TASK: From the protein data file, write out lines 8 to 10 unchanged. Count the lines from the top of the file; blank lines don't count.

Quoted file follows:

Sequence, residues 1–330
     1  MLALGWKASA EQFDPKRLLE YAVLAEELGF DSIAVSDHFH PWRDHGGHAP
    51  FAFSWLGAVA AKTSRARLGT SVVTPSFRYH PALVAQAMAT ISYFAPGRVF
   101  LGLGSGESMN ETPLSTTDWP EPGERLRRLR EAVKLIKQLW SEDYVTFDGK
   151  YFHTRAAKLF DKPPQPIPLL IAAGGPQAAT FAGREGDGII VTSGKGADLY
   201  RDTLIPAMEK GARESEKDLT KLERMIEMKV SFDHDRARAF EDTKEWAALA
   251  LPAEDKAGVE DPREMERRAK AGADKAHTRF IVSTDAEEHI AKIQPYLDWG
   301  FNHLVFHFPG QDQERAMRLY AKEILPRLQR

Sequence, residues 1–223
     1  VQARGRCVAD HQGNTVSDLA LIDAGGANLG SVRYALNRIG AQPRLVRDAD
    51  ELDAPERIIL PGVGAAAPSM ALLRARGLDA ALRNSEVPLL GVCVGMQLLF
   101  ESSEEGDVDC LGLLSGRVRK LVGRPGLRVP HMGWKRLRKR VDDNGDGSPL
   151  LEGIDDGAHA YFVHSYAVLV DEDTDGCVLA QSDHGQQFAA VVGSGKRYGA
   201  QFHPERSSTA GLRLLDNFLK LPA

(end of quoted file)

   301  FNHLVFHFPG QDQERAMRLY AKEILPRLQR

Sequence, residues 1–223
     1  VQARGRCVAD HQGNTVSDLA LIDAGGANLG SVRYALNRIG AQPRLVRDAD